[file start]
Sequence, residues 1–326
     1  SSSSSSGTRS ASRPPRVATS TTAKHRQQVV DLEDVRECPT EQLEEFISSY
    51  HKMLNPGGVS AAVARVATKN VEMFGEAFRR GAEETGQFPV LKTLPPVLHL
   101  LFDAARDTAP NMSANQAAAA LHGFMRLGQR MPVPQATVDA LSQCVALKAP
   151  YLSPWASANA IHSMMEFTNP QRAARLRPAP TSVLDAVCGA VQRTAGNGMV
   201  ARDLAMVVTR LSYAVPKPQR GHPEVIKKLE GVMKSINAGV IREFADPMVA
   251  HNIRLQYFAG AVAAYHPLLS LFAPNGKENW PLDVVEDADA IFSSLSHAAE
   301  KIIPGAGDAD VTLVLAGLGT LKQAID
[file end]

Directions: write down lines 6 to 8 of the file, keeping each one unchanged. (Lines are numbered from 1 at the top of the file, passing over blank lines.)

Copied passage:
   201  ARDLAMVVTR LSYAVPKPQR GHPEVIKKLE GVMKSINAGV IREFADPMVA
   251  HNIRLQYFAG AVAAYHPLLS LFAPNGKENW PLDVVEDADA IFSSLSHAAE
   301  KIIPGAGDAD VTLVLAGLGT LKQAID